The bacteria in our gut play a significant role in our body from enhancing our digestive system to strengthening our immune system. From the studies that were conducted by researchers on the function of gut bacteria, we have learned that when there is an imbalance of gut bacteria, we often experience digestive problems such as gas, bloat, cramps, and even susceptibility to various diseases. But did you know that gut bacteria can also affect our brain function?

Gut bacteria number in the trillions and although they reside in our bowels, they can do more for us than what we expected. Yes, they thrive in the warmth as well as the nutrition found in our bowels, but don’t think for a second that this is just a one-way relationship. As a matter of fact, gut bacteria also gives back to us.

Link Between the Gut and the Brain

So how do the gut and the brain go together? Simply put, the brain needs to be informed when the gut is running on fumes, has some problems with our digestion, or when it is being attacked by pathogens. The connections between the two are hormonal, neural, immunological that stem from the central nervous system and the enteric nervous system. This is also referred to as the gut-brain axis. You’ve probably experienced the connection between the two already such as when you are feeling stressed or anxious and your bowel suddenly acts up.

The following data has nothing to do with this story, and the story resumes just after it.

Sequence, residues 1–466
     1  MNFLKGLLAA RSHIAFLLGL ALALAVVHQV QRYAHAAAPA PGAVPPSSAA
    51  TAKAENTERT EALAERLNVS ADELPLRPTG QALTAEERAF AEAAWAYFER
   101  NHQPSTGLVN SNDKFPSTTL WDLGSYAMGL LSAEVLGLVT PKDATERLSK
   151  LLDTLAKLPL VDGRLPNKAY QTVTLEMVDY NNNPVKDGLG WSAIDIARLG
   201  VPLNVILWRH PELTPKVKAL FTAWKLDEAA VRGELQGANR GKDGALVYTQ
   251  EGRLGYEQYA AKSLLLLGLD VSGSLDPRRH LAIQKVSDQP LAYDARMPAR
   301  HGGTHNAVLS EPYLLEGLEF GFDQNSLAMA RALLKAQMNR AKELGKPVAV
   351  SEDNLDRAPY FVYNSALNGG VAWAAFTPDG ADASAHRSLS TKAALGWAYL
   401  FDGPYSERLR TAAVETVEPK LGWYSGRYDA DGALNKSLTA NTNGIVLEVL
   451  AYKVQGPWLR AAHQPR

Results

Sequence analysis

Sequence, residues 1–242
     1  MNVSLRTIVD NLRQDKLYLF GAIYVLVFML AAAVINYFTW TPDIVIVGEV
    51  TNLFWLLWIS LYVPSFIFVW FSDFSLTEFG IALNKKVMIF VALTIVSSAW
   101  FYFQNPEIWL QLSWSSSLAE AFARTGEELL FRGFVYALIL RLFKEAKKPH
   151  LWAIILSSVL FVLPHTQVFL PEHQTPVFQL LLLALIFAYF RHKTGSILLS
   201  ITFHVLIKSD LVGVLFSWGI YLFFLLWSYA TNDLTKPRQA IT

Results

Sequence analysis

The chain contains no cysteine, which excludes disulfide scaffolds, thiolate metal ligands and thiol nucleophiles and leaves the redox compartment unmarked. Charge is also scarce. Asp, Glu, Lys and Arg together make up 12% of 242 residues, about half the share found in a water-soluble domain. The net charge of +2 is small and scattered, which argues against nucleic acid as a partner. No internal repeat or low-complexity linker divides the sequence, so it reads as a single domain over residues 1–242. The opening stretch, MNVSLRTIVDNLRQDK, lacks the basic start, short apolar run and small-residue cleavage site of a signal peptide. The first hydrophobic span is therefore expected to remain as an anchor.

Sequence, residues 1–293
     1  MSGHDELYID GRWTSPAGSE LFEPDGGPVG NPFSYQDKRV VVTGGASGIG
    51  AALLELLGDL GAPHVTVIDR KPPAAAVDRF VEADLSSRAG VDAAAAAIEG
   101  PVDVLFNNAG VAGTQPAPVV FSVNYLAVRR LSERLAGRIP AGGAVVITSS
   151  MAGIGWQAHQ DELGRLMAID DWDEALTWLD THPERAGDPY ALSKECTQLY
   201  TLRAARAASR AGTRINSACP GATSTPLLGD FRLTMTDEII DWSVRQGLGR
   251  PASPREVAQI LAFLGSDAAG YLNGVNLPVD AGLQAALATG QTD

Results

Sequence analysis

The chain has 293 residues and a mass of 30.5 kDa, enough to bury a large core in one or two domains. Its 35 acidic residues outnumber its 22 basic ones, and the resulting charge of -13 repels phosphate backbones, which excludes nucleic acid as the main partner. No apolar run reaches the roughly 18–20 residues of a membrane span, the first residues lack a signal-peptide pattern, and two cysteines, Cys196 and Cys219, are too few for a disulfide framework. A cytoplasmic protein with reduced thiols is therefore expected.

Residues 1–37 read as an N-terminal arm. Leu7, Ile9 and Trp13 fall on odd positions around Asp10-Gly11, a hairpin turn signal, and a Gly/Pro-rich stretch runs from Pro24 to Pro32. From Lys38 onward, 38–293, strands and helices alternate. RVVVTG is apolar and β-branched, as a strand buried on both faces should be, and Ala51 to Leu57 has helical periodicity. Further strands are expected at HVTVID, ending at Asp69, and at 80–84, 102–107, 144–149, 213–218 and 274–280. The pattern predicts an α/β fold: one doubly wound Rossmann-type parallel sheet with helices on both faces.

Possible Effects of Gut Bacteria on the Brain

When the gut bacteria in our digestive system are out of whack, or when there is a problem in our gut without us addressing the issue, it can lead to some health issues like the ones mentioned below.

Depression

Studies have shown a number of patients who were diagnosed with depression have been found to have a leaky gut. This means that the permeability of the gut lining is allowing bacterium to get into the blood stream thus affecting brain function. Fixing your gut can help prevent this from occurring.

Anxiety

It is possible that an imbalance in the gut bacteria can lead to anxiety or anxious thoughts as the brain and the gut are connected or the other way around. When you are feeling stressed, your body produces stress hormones that can have their effects on different organs including your gut which can also become problematic thus leading to multiple health issues. Regulating your gut bacteria, on the other hand, with prebiotics, can protect your gut and your brain from anxious thoughts.

Autism

There are some studies that show gut bacteria linked to brain issues like autism. There is a possibility for autism to occur at the same time when gastrointestinal issues are present like irritable bowel syndrome and leaky gut. Further data needs to be collected to understand the connection between the two fully.

Schizophrenia

Researchers have discovered in mice that there is a link between poor gut bacteria to changes in brain development. However, the genetics of schizophrenia are complex and will require further studies to fully grasp the connection between the two.

Parkinson’s Disease

Compared to those who are healthy, patients with Parkinson’s disease have different gut bacteria based on the studies conducted. It might be that taking care of one’s gut bacteria can help prevent the onset of brain issues. 

There is still much to be determined on the correlation between gut bacteria and the brain. Scientists are still trying to understand the connection between the two in the hopes to unlocking information on how to support brain function by improving one’s gut health.

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